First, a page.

I’m no fan of fasted training and fasted training is all the rage these days.
Have you ever heard how fasted trainers or low carbers often say that when they had some carbs, their workout was awesome, but that they can’t continue to have carbs because carbs are bad…?
Carbs aren’t bad and fasted training isn’t healthy. I’ll link references to my claims at the bottom of this article.
This article is for those that know that carbs help to fuel their workout and improve their exercise performance and want to know what kind of carb will give the best results.
Or perhaps you’re someone that train very early and it’s difficult to have something right before training that will not cause stomach upset, low blood sugar, nausau, etc.
I’ll be covering all of it in this article.
Why having carbs before your workout is a good idea
If you’re someone that exercises later in the day, then this will apply to you. This study found that those who ate carbs for breakfast had better exercise performance in the evening vs those who didn’t eat carbs for breakfast, even though they compensated for it at lunch (so pre-workout calorie and carb intake were the same in both groups) (R).
Carbs are the preferred fuel source for high-intensity exercise and research even shows that boosting fat oxidation before and during endurance exercise (with low GI carbs) doesn’t boost exercise performance (R).
So eating carbs that reduce fatty acid oxidation during exercise will not impair endurance exercise. And according to many anecdotal reports, exercise feels better and less of a chore when carbs are consumed beforehand.
In a fasted state, liver glycogen is low and cortisol and muscle protein breakdown is elevated. Adding some form of exercise will synergistically enhance cortisol and muscle protein breakdown. In the long run, fasted training will become detrimental.
Having carbs before exercise enhances mood and cognition, which also translates to better eye-hand/foot coordination, better agility, focus, skill performance, fine motor speed, psychomotor speed, and visual discrimination speed, etc (R).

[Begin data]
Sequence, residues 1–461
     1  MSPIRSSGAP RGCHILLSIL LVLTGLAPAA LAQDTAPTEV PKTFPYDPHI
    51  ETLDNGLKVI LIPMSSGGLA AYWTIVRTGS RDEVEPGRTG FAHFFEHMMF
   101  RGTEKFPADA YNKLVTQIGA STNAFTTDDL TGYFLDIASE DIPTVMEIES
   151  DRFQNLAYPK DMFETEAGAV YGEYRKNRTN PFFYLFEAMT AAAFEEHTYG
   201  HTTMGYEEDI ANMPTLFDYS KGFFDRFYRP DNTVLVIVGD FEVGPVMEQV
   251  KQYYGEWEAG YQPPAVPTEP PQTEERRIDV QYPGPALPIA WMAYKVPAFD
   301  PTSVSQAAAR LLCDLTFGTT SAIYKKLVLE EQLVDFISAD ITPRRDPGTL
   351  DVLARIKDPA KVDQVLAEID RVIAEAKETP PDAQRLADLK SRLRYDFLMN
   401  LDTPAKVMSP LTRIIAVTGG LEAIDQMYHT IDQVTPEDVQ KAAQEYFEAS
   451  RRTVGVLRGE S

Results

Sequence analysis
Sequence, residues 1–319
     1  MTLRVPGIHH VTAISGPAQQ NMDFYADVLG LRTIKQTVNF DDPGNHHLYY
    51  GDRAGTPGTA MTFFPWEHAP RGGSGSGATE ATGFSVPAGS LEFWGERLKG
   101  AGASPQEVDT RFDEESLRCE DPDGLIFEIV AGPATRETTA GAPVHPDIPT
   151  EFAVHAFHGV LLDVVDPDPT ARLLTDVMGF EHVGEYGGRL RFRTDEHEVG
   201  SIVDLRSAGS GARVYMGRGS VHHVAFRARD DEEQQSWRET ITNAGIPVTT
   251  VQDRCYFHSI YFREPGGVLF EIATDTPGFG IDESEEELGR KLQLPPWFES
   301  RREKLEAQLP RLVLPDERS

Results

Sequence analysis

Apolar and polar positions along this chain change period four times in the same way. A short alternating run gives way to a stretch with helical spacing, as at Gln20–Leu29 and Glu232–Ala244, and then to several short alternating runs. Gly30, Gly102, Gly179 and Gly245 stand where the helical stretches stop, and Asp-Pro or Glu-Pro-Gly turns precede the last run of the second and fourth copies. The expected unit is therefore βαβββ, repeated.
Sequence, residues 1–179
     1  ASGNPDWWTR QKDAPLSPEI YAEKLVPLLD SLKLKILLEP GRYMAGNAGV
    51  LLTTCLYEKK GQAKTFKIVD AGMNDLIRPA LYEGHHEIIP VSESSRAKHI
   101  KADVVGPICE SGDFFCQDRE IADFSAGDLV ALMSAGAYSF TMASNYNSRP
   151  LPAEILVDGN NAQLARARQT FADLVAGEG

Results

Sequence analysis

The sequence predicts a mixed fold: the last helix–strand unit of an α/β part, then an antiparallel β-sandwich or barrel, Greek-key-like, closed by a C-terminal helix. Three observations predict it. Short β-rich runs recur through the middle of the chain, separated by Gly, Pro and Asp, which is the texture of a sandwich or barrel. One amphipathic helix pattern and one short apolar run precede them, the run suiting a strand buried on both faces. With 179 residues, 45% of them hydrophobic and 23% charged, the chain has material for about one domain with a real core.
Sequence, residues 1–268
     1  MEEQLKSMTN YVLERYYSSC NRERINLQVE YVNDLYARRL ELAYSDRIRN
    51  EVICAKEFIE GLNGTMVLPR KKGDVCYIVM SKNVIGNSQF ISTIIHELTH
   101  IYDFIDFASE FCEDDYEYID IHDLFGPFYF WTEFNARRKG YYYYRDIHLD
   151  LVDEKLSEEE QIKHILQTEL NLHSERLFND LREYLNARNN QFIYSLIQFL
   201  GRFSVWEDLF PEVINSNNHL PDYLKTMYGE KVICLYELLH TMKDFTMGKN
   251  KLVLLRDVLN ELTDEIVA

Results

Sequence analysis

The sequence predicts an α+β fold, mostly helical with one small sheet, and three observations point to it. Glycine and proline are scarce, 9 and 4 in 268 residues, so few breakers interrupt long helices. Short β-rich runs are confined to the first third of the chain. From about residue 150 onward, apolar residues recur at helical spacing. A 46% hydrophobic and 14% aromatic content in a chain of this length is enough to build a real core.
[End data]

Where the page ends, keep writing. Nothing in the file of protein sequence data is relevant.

A high carb availability has also been positively related to the exercise-induced adaptations to resistance training (R).
Which kind of carbs are best
The goal with pre-workout nutrition is to:
- Top up glycogen stores.
- Supply the muscles with glucose in order to spare glycogen stores. As a side note, glucose oxidation generates less reactive oxygen species than fat oxidation, so it has a lesser chance of disrupting cellular function.
- Minimize gastric upset and related symptoms and maximize intestinal absorption of the carbs to provide rapid energy availability.
Let’s address the first one.
#1 Top-up glycogen stores
Liver glycogen can be substantially reduced after an overnight fast and is almost completely reduced after 24-36 hours of fasting. However, it will never go to zero and stay there, because the body can produce its own glucose (gluconeogenesis) and store that after long term adaption.
Carbs are the best, fastest and safest way of replenishing glycogen stores. Most people think glucose and insulin are all that’s needed, but the coingestion of glucose with either galactose or fructose can double liver glycogen repletion rates (R).
Muscle glycogen is relatively stable if you’re inactive, so there’s no need to replenish muscle glycogen first thing in the morning, unless you haven’t already done so post-workout from your previous session. But if you want to replenish muscle glycogen right before your next session…you’re doing it wrong (unless you have a second session on the same day). Regardless, if for some reason you have not replenished muscle glycogen the day before, or are doing another workout later in the day, pre-workout carbs have been reported to increase glycogen stores by about 42% (R).
If you use glucose on its own, then 0.8-1.2g/min is the way to go for glycogen resynthesis, but if you combine the glucose with fructose, you can boost that to >1.5-1.7g/min.